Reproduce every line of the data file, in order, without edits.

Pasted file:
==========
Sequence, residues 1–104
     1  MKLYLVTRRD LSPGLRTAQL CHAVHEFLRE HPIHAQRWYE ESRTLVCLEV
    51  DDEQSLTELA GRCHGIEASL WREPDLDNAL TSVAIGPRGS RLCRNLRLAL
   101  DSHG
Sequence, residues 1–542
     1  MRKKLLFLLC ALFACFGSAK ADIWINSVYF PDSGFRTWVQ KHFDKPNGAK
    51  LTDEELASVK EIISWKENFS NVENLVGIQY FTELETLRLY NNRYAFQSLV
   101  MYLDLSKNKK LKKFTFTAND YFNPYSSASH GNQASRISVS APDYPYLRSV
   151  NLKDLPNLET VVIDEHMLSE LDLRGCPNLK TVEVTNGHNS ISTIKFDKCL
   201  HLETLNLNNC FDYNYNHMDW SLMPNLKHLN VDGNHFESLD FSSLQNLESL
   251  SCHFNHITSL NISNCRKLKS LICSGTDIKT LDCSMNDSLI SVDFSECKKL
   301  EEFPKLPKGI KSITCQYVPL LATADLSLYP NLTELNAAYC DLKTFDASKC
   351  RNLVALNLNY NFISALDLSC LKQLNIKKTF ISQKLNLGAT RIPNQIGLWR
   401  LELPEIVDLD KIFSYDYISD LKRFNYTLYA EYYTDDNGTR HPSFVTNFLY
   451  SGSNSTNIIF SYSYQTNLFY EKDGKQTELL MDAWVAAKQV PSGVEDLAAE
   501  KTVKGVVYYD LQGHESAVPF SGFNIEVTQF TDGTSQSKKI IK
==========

Sequence, residues 1–104
     1  MKLYLVTRRD LSPGLRTAQL CHAVHEFLRE HPIHAQRWYE ESRTLVCLEV
    51  DDEQSLTELA GRCHGIEASL WREPDLDNAL TSVAIGPRGS RLCRNLRLAL
   101  DSHG
Sequence, residues 1–542
     1  MRKKLLFLLC ALFACFGSAK ADIWINSVYF PDSGFRTWVQ KHFDKPNGAK
    51  LTDEELASVK EIISWKENFS NVENLVGIQY FTELETLRLY NNRYAFQSLV
   101  MYLDLSKNKK LKKFTFTAND YFNPYSSASH GNQASRISVS APDYPYLRSV
   151  NLKDLPNLET VVIDEHMLSE LDLRGCPNLK TVEVTNGHNS ISTIKFDKCL
   201  HLETLNLNNC FDYNYNHMDW SLMPNLKHLN VDGNHFESLD FSSLQNLESL
   251  SCHFNHITSL NISNCRKLKS LICSGTDIKT LDCSMNDSLI SVDFSECKKL
   301  EEFPKLPKGI KSITCQYVPL LATADLSLYP NLTELNAAYC DLKTFDASKC
   351  RNLVALNLNY NFISALDLSC LKQLNIKKTF ISQKLNLGAT RIPNQIGLWR
   401  LELPEIVDLD KIFSYDYISD LKRFNYTLYA EYYTDDNGTR HPSFVTNFLY
   451  SGSNSTNIIF SYSYQTNLFY EKDGKQTELL MDAWVAAKQV PSGVEDLAAE
   501  KTVKGVVYYD LQGHESAVPF SGFNIEVTQF TDGTSQSKKI IK